According to Psychology for Dummies, various practices including mediation and hypnosis can be used to safely and legally alter your state of consciousness. Alcohol is another legal way for those over 21 to alter consciousness; however moderation is key to ensuring that it is used safely.
According to Psychology Today, certain types of meditation can be used to alter your state of consciousness. This source lists three components of successful meditation: body, breath, and thoughts. The first has to do with assuming a restful position like sitting, followed by conscious control over your breath. The thought aspect of meditation reflects concentration on a particular object of facet of experience which produces an awareness of your thoughts.
The effects of hypnosis on consciousness are debatable, and according to The Scientific American, it is not a distinct state of consciousness as it is often claimed to be. This source cites researchers who find that the results of hypnosis are often caused by expectations about what hypnosis entails, rather than the hypnosis itself. However, according to Psychology Today, hypnosis often shifts awareness towards the characteristics found in sleep and dreaming without actually falling asleep. For this reason, this source claims that hypnosis can be considered a form of altered consciousness.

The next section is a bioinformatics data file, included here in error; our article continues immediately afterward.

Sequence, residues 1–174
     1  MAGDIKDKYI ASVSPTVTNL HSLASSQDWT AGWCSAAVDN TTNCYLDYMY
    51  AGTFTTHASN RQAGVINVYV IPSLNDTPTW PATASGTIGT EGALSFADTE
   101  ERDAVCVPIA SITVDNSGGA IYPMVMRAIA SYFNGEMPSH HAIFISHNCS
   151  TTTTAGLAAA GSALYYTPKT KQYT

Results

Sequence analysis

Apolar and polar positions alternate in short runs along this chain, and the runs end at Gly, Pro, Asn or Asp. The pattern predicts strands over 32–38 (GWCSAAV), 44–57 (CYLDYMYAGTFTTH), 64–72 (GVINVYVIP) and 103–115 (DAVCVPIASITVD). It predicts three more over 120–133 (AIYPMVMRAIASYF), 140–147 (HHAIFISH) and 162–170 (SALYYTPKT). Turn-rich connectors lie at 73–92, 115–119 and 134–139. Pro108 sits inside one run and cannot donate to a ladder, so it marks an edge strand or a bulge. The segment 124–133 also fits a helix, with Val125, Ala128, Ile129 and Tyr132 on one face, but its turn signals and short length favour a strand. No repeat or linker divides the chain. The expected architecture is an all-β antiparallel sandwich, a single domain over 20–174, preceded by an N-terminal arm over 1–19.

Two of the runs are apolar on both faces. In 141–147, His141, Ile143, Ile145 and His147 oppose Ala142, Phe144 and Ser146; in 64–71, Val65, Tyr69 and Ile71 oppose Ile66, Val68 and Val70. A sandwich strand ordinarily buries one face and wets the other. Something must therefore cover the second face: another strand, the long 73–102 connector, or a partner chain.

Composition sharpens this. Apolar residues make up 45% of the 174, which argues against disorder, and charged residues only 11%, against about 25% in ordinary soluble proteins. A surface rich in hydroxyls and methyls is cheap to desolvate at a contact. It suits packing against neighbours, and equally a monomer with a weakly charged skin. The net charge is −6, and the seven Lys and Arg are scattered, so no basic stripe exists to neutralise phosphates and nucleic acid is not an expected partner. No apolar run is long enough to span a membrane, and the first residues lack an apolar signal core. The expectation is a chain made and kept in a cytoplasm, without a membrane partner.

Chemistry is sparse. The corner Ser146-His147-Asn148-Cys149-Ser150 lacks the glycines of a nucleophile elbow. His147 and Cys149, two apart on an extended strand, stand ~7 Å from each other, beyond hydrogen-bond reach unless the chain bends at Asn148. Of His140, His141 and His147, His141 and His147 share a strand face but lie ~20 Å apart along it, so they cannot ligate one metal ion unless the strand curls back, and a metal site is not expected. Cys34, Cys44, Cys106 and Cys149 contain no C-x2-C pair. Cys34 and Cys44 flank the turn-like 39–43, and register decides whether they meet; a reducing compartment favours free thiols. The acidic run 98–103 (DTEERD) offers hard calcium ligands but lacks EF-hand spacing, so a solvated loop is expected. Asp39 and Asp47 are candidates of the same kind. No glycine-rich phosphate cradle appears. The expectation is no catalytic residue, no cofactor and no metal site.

Alcohol use can alter your consciousness significantly by reducing negative sensations and producing feelings of euphoria. However, alcohol use in large quantities can also result in impaired judgement and adverse physiological effects from alcohol toxicity. The U.S. National Library of Medicine recommends drinking alcohol in moderation, which they define as no more than 1 drink per day for an adult woman, and 2 drinks for an adult male. A drink is defined as 12 ounces of beer, 5 ounces of wine, or 1½ ounces of liquor.